My father and I have an easy relationship, both having superior introverted feeling. Despite any distortions in our type expression, the innate characteristics have connected. We bond over the garden, nature in general, and our evaluation of situations. I witness the sometimes-clumsy interactions due to my family’s different types and often need to remind myself of von Franz’s (1971) sentiment that although Thinking types are often seen as not having any feeling, “this is absolutely not true. It is not that they have no feeling, but that they cannot express it at the appropriate moment. They have the feeling somehow and somewhere, but not just when they ought to produce it” (p. 21). Perhaps if everyone were able to be more conscious of each other’s Feeling function position, then many of the miscommunications I see would not happen.
The Feeling function can be expressed through an either introverted (Fi) or extraverted (Fe) attitude, and they are quite different. Introverted feeling tends to focus on one’s own values whereas extraverted feeling focuses on the feelings of others. My Feeling is expressed through an introverted attitude while my mother’s is through an extraverted attitude. While we have a close loving relationship, our dominant function difference does not always lead to harmonious communication. Jung, von Franz, and Beebe have each observed that individuals having preferences for the same function but in opposite attitudes can experience conflict and disharmony since the shadow functions are difficult to see in oneself. So despite my mother being a Feeling type, she may not have recognized my introverted feeling, nor I her extraverted feeling.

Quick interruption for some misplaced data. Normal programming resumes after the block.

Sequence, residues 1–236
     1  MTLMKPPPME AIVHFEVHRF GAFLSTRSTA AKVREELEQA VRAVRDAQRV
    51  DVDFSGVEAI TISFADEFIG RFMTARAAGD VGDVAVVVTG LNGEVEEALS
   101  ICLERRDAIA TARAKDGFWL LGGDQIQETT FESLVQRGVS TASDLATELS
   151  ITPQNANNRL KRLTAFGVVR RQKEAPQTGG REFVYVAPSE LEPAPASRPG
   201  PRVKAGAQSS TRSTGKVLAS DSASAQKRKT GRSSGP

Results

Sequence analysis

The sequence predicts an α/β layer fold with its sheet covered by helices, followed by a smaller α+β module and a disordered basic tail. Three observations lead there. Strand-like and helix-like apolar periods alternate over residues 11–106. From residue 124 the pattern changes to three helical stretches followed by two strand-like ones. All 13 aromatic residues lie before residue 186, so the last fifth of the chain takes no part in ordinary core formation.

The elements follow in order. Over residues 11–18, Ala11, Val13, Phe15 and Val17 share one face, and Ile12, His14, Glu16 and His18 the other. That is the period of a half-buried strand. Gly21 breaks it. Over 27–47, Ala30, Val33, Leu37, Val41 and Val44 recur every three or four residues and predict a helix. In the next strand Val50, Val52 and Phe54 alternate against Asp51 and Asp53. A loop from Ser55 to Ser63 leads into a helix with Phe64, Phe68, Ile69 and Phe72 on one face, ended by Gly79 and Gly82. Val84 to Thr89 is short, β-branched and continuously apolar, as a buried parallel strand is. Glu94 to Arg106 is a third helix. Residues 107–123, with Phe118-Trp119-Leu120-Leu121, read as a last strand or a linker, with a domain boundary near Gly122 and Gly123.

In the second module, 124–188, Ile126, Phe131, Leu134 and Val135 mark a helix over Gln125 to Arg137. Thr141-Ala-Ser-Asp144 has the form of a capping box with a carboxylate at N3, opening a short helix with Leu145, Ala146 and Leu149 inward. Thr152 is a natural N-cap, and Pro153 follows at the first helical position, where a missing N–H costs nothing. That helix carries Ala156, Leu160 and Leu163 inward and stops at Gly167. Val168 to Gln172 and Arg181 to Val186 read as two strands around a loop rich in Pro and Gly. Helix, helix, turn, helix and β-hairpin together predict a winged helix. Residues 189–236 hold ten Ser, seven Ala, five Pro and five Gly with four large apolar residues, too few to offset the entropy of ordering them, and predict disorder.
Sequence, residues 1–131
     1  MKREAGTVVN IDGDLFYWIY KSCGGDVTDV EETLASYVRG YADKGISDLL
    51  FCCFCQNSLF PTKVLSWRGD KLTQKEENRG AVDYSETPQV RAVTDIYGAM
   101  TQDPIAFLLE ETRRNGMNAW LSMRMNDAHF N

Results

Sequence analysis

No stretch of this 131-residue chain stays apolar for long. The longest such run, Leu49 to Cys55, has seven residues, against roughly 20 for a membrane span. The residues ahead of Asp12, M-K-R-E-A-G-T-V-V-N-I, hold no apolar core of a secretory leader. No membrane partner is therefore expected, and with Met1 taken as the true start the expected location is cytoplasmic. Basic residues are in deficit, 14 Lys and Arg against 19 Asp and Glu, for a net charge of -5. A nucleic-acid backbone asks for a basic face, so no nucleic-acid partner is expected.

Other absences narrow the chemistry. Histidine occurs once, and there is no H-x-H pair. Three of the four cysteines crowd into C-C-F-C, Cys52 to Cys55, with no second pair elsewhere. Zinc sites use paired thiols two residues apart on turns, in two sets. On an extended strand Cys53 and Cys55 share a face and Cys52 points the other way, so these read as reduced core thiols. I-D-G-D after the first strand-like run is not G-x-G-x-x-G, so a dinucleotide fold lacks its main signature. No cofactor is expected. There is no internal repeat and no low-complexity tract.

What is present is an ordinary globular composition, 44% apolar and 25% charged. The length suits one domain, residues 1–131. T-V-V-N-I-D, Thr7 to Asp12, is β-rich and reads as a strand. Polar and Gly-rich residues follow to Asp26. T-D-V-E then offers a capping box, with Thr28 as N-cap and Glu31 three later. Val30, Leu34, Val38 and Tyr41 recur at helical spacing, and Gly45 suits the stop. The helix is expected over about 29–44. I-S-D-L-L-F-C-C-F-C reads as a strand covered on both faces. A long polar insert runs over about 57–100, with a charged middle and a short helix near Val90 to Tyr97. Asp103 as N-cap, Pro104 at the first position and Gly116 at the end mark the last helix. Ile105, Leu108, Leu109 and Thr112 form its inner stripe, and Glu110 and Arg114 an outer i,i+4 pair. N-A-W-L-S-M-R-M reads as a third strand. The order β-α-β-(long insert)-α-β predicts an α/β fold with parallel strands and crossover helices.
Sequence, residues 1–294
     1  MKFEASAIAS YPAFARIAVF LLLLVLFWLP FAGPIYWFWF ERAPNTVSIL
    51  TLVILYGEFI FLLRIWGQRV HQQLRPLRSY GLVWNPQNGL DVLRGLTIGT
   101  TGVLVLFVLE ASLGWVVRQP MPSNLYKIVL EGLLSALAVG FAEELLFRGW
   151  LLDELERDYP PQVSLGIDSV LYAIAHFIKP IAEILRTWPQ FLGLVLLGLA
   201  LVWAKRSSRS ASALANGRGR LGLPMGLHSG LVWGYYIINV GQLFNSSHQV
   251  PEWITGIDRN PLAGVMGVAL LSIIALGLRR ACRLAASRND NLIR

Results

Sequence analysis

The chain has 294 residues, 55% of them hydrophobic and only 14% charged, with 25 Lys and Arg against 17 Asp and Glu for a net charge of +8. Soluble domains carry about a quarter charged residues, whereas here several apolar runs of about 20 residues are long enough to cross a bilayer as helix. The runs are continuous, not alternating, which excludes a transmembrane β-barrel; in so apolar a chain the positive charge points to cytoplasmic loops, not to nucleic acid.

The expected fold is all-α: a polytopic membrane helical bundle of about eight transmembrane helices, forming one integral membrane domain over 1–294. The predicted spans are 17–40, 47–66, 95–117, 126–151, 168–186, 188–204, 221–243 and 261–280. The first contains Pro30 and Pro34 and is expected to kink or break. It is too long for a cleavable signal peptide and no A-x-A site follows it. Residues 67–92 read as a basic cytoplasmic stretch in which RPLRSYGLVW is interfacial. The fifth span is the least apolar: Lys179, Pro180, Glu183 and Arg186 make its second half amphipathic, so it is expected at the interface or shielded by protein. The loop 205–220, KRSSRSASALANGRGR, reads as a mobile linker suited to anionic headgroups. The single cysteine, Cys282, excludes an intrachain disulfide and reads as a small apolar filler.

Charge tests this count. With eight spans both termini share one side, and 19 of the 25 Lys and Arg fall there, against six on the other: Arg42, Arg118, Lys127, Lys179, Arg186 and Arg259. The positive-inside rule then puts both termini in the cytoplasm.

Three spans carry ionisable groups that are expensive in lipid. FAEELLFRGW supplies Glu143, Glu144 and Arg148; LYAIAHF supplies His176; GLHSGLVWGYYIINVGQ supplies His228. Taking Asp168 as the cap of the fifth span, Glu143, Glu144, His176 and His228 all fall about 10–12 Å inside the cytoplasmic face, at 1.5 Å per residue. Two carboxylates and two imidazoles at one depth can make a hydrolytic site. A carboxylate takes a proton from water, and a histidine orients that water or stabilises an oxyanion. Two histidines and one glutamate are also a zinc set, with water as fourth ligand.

The ego-dystonic functions tend to operate under the archetypes of what Beebe termed the Opposing Personality (5th), Witch/ Senex (6th), Trickster (7th), and the Demonic personality (8th). These are ego-dystonic in that they are not in harmony with the ego’s conscious, usual way of being. By looking at these archetypal forces underlying the psychological types, it is possible to gain better understanding into how we relate to our own psyche—the tensions between our conscious and unconscious minds—as well as how we relate to the world and its people around us. In Beebe’s model, Fe falls in my Opposing Personality position, and my mother’s Fi sits in her Opposing Personality position. While my mother might have been concerned with gathering people together for group harmony, we sometimes missed that our values did not fit with each other’s needs. It can be easy to feel judged when our preferred functions are misread. Jung (1921) compared the Fi type to the mimosa plant that withdraws at the slightest external touch. And so I withdrew easily from other’s judging, not wanting to share my private value system that is typically not up for discussion, a common Fi response (Haas & Hunziker, 2006, p. 106). Von Franz (1971) explained that for Feeling types, often “the real thought is not yet up to the level at which it can be expressed” (p. 22). This so accurately describes my interior world that I commonly find myself in tears with frustration at not being able to express my inner feelings. On many occasions, my poor mother has been on the receiving end of the “unadaptedness and primitiveness” of my inferior Te through “its touchiness and tyranny” (p. 18). But von Franz’s comment reassures me that I am not alone in this behavior.